Written by Bema K. Bonsu, MD, and Daniel J. Scherzer, MD, Emergency Medicine physicians at Nationwide Children’s Hospital
The concern about so called "dry drowning" (which is not an actual medical phrase; neither is "secondary drowning") is based on the fear that a child can unexpectedly succumb to respiratory problems some unpredictable time after swimming. This fear has been exacerbated by media reports dramatizing events without fully explaining them. The concept that dry drowning is based on post-obstructive or post-asphyxial pulmonary edema (like acute respiratory distress syndrome) has truth to it. The concept that it can sneak up on a child unexpectedly, however, is often misconstrued.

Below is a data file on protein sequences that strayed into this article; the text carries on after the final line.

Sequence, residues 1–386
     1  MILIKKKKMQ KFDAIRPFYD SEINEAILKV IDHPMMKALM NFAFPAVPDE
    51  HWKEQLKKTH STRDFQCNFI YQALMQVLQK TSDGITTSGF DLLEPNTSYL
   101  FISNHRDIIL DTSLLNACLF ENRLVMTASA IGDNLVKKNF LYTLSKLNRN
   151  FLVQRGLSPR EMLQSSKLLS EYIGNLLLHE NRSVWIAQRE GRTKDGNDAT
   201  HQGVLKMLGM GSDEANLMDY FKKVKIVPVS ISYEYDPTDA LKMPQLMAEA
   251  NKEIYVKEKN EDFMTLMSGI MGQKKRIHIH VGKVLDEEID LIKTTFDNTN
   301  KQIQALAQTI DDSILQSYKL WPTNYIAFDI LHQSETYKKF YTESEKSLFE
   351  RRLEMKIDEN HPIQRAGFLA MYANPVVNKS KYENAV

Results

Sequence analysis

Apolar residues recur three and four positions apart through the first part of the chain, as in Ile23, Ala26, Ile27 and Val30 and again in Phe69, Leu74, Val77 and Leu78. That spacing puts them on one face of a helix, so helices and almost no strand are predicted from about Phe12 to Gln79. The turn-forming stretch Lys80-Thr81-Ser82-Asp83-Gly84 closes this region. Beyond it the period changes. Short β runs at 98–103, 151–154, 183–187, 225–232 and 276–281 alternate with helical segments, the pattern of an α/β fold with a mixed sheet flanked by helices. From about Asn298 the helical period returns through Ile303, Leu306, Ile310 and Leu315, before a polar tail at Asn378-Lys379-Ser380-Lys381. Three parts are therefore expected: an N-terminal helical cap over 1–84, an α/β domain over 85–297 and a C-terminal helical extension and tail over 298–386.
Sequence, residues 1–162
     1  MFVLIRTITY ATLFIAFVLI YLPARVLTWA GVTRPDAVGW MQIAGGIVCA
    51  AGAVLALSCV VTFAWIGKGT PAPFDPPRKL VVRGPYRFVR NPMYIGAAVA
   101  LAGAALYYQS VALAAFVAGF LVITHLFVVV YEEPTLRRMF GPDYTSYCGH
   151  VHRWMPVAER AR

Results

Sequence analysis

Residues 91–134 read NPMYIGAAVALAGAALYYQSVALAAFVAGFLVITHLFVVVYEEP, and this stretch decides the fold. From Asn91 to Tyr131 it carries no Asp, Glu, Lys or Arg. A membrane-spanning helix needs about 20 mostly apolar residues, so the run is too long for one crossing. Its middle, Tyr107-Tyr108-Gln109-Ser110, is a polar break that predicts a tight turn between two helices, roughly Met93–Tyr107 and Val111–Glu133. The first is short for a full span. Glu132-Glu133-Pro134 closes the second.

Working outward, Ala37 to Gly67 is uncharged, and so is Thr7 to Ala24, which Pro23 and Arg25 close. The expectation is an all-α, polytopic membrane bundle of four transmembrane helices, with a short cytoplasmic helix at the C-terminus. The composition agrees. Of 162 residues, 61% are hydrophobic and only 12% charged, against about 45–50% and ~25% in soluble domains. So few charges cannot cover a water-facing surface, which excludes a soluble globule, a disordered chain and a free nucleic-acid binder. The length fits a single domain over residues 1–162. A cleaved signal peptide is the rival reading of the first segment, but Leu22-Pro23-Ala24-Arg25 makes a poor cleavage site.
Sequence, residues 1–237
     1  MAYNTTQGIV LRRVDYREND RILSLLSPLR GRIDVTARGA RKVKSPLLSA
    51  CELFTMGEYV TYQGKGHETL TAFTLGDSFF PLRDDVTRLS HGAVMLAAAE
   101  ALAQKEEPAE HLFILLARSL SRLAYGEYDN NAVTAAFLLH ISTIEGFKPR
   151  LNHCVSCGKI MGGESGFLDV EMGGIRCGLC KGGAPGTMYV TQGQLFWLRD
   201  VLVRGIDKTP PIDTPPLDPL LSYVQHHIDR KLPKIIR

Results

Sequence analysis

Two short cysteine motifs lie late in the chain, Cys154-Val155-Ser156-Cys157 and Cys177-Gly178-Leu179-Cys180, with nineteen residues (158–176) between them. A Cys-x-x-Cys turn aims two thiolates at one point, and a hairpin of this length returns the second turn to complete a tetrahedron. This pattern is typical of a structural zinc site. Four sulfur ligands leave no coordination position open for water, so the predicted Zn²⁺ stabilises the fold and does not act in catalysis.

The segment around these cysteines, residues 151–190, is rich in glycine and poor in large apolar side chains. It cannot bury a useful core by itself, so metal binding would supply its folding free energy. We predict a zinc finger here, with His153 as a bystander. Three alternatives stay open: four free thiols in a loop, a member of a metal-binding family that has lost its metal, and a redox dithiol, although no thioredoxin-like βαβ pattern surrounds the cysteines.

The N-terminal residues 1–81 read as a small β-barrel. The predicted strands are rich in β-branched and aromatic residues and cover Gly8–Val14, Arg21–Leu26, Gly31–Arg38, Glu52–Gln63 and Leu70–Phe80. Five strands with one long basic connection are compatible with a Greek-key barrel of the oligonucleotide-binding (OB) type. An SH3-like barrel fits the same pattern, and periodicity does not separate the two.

The reality is that if a child suffers a submersion injury, he or she will have symptoms such as cough, tachypnea, dyspnea, fatigue or headache. Complications may take hours to evolve, but they won't emerge unpredictably without warning, and they won't start days later as has sometimes been implied in the media.